1. NAPP home page
2. RNA-rich Cluster Page
3. Cluster contents page
4. Contig page
5.Profile page
6. File formats
7. References

NAPP (Nucleic Acids Phylogenetic Profiling [1]) is a clustering method that efficiently identifies noncoding RNA (ncRNA) elements in a bacterial genome. The intergenic regions of a reference genome are tiled into overlapping 50-nt segments, and all tiles and coding sequences are classified based on their occurrence profiles in other genomes. Tiles corresponding to actual ncRNAs tend to cluster together and with certain types of protein-coding genes. We term these "RNA-rich clusters". Any non-annotated tile in such clusters can be considered as a strong ncRNA candidate (sRNA, cis-acting RNA or other ncRNAs). Furthermore, certain clusters are enriched for genes in specific functional classes, which permits to draw hypotheses on the function of associated ncRNAs [2].

This web site provides a comprehensive access to NAPP results for over 1000 bacterial and archaeal genomes.

1. NAPP home page
NAPP predictions are accessed for one genome at a time. Genomes are chosen by typing keywords (for instance "coli" or "bacillus") in the text area, or selecting a species name from the drop-down menu. When keywords match several genomes, the genome list is displayed. Selecting a genome leads to the "RNA-rich Clusters" page.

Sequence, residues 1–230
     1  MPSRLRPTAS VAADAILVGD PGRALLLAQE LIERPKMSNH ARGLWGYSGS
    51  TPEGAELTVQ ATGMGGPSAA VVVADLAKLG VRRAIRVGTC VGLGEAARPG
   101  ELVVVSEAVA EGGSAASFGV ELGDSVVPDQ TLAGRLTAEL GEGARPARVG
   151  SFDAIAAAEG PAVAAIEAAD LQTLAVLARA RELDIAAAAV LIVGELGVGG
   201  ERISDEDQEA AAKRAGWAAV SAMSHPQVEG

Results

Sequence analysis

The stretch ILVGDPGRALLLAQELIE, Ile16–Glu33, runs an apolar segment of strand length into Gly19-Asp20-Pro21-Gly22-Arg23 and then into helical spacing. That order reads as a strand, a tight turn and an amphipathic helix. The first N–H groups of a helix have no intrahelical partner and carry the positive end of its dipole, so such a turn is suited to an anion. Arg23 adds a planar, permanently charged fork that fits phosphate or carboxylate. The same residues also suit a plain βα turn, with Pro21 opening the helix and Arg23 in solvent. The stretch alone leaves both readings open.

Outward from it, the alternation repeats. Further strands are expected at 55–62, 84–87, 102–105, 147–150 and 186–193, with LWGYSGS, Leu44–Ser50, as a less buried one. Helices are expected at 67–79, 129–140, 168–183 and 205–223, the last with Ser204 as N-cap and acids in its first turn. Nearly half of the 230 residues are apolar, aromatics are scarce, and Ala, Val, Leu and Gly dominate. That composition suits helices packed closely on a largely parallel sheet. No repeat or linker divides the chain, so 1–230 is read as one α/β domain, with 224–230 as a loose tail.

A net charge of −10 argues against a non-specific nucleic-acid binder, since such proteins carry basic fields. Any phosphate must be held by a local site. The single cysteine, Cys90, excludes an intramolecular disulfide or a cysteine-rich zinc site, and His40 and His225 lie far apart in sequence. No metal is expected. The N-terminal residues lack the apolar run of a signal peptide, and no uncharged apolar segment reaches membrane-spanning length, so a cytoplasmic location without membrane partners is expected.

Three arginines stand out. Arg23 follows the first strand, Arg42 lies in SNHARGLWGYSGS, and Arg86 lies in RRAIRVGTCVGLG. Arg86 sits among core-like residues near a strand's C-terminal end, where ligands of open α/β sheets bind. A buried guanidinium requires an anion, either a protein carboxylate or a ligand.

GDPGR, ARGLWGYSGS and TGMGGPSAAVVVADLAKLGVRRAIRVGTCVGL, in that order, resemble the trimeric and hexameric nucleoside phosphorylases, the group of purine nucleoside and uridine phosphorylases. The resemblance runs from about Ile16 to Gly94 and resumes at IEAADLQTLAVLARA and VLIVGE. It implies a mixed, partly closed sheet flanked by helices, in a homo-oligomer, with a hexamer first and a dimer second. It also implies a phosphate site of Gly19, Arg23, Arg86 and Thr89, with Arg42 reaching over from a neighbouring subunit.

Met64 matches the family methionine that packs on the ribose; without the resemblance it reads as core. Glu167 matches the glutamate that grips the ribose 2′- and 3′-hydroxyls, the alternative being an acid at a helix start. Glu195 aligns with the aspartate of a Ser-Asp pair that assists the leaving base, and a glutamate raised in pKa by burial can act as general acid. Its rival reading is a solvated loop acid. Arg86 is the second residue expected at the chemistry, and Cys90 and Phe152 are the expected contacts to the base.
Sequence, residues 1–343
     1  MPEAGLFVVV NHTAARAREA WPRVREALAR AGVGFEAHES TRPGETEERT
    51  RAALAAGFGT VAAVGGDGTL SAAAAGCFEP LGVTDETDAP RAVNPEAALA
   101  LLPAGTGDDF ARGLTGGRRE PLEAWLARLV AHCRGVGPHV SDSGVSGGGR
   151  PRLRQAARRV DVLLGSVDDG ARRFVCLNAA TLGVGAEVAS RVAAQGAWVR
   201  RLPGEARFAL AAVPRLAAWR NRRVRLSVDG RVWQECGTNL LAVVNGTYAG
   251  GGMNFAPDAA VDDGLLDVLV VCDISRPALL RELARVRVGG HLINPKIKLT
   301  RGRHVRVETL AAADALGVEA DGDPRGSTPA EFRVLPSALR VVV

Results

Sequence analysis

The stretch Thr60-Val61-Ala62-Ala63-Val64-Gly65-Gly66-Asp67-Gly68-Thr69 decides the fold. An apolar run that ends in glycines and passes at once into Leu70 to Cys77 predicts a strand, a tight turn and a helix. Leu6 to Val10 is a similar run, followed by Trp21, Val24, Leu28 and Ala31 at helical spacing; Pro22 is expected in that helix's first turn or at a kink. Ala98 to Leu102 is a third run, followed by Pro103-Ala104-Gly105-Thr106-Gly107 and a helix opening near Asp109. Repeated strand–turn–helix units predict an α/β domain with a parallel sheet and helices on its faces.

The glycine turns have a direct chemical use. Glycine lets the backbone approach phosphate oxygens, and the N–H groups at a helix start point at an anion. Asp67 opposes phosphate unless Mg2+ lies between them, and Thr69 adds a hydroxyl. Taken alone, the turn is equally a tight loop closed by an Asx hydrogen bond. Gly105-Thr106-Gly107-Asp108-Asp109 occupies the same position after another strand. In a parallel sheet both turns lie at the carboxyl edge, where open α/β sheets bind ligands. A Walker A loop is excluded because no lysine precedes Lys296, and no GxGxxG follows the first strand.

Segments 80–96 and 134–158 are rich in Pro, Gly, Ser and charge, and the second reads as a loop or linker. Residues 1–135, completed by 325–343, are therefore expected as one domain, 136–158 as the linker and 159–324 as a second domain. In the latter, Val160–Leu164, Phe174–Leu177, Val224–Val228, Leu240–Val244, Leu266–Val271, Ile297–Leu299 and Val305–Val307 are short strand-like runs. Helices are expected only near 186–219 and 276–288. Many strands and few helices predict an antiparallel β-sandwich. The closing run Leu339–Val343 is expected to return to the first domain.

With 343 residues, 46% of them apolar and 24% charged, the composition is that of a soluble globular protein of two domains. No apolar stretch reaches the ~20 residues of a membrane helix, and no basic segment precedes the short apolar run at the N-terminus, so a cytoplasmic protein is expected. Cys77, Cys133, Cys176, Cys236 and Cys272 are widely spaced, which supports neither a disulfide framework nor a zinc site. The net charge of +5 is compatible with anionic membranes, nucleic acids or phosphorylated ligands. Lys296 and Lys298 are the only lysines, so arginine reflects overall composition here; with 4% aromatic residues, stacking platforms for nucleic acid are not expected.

2. RNA-rich Cluster Page
This page presents a tabulated list of RNA rich clusters for the selected species, providing for each cluster the following information:

-Cluster number
-Number of elements in cluster
-Number of annotated genes in cluster
-Number of tiles in cluster
-Number of known RNAs in cluster
-ncRNA-enrichment P-value.

The following actions are available:

Clicking on cluster numbers or P-values leads to the corresponding cluster contents page.

The Make contigs button leads to the Contig page (see below).

The View profiles button leads to the phylogenetic profiles page (see below). NAPP profiles are generated on the fly which may cause a few seconds delay.

The Search for position button shows all elements from RNA-rich cluster that are located in a given sequence interval (enter a position interval and select a chromosome name). Elements are presented in the same format as in the "cluster contents" page)

Export all clusters as CSV: Exports CSV file containing the contents of all RNA-rich clusters, with for each cluster element: Name, Coordinates, Genbank id of chromosome, description of element
Export all clusters as GFF: Exports GFF file containing the contents of all RNA-rich clusters

3. Cluster contents page
This page presents all elements found in the selected cluster. For each element, the following data is provided:
- Gene name or "tile" status
- Positions in the genome
- GenBank Id of chromosome
- Description of element

The header line on top is a reminder of the characteristic of the current cluster: Cluster Id, number of elements, number of tiles, number of genes, P-value of ncRNA enrichment.

Export as CSV: Exports CSV file containing contents of clusters, with for each cluster element: Name, Coordinates,Genbank id of chromosome, description of element
Export as GFF: Exports GFF file containing the contents of clusters
See section 6 for description of the CSV and GFF formats.

4. Contig page